The Shrine Cities – Najaf and Kerbala


Home to the Holy Shrine of Imam Ali, the fourth caliph and son-in-law of the Prophet, resplendent with its golden dome and minarets, Najaf is a major city of mosques and shrines.

There is no quarter or street without a mosque, either small for the locals or large and attended by visitors to the city. The city’s large cemetery (Wadi Al-Salam) is considered the holiest and most sought-aft er place for burial among Shia believers. Najaf is also one of Islam’s most important seminary centres for the training of Shiite clergymen (al Hawzah al Ilmiyyah), and has many religious schools. Every year millions of pilgrims visit the Holy Shrine of Imam Ali, whose shining golden dome is visible from a distance of 75km away.

What to see and do

Shrine of Imam Ali

Enclosed in a mosque named Al-Haidariya Shrine is the spectacular Shrine of Imam Ali. Built in the same style as those of Kerbala, Samarra and Kadhimain, it comprises a rectangular enclosure surrounding a two-storeyed sanctuary, containing the tomb, with a great dome over it.

The most prominent and visible part of the shrine is its resplendent golden dome. Approximately 25m from the roof of the shrine, its diameter is about 16.6m. Wrapped in tiles of gold foil, the dome is surrounded by a belt of gold Koranic verse against a background of startling blue enamel. The whole edifice stands on a square-shaped ornate structure. At the eastern side of the shrine are two golden minarets (that to the north is 29m high, the one to the south is 29.5m) each made of 40,000 gold tiles, inlaid in some places with blue enamel.

Shrine of Imam Ali Iraq
© Zurijeta, Shutterstock

Within the shrine the surrounding walls have many open rooms or iwans that are laminated with Kerbala mosaic which in turn is decorated with a number of Koranic verses, pictures of plants and beautiful inscriptions. Some of these inscriptions contain valuable historical information which is considered to be a record of rich Islamic heritage.

The atmosphere is not so emotionally charged as in Kerbala. It feels more mature, more respectful to Allah (God) and Imam Ali as his servant. You have to go through the usual routines of checking in cameras, mobile phones, etc, and the checking of women’s clothing, but the welcome is genuine.

Wadi Al-Salaam Cemetery

The Peace Valley Cemetery, known as Wadi Al-Salaam Cemetery, is to the north of the Shrine of Imam Ali, beginning at the end of Al-Tossi Street. It is on UNESCO’s tentative list of World Heritage Sites, highlighting its significance as one of the largest cemeteries in the world. It includes the remains of millions of Muslims and dozens of scientists, guardians and people of faith as well as the graves of prophets Salih and Hud.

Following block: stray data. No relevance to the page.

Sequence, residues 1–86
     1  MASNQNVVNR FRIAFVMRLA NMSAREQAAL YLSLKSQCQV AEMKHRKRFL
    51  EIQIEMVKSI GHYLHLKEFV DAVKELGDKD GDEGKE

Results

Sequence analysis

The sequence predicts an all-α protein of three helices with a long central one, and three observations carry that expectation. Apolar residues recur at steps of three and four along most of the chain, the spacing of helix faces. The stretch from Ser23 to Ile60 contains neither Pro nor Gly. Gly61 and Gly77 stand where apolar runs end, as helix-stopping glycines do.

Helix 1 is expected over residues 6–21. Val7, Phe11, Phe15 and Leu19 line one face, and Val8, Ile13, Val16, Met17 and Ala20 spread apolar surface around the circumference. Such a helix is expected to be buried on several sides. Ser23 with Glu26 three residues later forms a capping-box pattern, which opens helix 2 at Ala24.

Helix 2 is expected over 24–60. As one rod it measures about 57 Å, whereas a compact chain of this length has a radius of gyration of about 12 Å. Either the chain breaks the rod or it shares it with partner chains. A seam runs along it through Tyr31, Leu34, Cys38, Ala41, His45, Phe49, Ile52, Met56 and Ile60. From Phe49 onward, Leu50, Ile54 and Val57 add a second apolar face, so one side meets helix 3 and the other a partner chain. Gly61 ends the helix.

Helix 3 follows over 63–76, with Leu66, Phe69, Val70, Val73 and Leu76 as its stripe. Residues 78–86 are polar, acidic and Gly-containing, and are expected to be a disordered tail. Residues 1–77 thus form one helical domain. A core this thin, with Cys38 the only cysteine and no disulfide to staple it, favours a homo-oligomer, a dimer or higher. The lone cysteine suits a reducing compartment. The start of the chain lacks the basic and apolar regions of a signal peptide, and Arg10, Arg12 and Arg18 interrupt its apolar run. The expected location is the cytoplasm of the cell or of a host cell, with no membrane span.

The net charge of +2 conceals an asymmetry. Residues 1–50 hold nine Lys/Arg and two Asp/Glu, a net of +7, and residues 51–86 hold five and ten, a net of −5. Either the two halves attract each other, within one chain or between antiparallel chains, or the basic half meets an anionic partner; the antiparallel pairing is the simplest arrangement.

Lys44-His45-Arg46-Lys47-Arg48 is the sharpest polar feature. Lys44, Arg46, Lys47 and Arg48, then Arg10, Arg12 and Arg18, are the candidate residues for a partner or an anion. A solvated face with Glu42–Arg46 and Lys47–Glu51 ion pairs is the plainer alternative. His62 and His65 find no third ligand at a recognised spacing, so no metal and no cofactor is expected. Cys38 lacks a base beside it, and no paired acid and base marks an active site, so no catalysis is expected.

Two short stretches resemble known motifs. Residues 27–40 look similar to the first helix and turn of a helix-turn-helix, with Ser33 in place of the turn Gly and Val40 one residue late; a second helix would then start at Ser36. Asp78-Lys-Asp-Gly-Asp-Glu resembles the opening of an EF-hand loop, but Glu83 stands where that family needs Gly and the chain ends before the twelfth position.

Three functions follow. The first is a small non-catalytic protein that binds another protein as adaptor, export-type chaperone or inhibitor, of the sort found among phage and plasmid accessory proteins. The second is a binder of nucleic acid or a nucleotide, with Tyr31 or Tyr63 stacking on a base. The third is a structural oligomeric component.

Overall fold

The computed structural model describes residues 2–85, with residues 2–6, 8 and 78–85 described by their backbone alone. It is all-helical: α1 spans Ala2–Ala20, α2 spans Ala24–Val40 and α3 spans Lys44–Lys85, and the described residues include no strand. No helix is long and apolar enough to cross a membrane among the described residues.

Because of the merit accorded to being buried in this cemetery and the honour of being interred near the remains of Ali, Muslims come from all over the world to conduct the funerals of departed family members in Najaf in order for them to be entombed in this cemetery.

Al-Hannanah Mosque

This is one of the most revered mosques in Najaf and covers about 7,400m² In the middle of the mosque is the place where it is believed that the head of Imam Hussain was put after his martyrdom in 680AD. Historical references also indicate that the body of Imam Ali passed through this location on its way to Najaf. The shrine has been renovated and extensively reconstructed.

Najaf Sea

To the south of the old city near the Safi Safa Shrine in an expansive area with very beautiful scenery, you can see the natural depression which once contained the Najaf Sea. Nothing remains now of the sea itself except its name; historians think that it was probably a land-locked lake whose waters finally disappeared in the 19th century.

It is said that in its heyday the Najaf Sea was used by ships carrying goods and people and that the remains of many shipwrecks were found on its shores as the waters receded and evaporated. Today the Najaf Sea is considered to be one of the most fertile agricultural areas in Najaf, with fields of vegetables and glades of palm trees.

Where to stay in Najaf

Although hotel accommodation is not limited, given the huge numbers of pilgrims visiting Najaf every day, bookings should be made in advance wherever possible. Many new hotels are being constructed to accommodate the influx of pilgrims, but despite this Najaf is still underdeveloped in terms of accommodation, restaurants and other tourist facilities. You will find numerous smaller, local hotels on every street in Najaf. Classified as ‘second rank’ hotels, their clientele is almost exclusively pilgrims or local Iraqis, travelling in family or larger groups. These hotels are basic, often with mainly family rooms and lacking Western-style toilets. Dining rooms are frequently communal-style and often segregated into male and family areas.